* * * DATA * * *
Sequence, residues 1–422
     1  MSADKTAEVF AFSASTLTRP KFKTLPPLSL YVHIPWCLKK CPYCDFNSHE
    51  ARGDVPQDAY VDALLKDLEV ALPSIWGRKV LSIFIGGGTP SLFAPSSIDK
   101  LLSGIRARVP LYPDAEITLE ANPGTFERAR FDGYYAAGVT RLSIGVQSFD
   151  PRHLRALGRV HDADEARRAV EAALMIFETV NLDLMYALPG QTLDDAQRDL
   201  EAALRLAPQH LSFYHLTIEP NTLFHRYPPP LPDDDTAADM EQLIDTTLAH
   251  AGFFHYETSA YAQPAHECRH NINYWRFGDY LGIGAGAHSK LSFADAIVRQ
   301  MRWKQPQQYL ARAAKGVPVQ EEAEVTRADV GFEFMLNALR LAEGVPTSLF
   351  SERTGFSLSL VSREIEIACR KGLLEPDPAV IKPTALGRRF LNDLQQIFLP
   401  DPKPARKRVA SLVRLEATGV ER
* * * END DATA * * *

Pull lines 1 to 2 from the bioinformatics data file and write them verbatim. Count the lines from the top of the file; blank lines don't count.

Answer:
Sequence, residues 1–422
     1  MSADKTAEVF AFSASTLTRP KFKTLPPLSL YVHIPWCLKK CPYCDFNSHE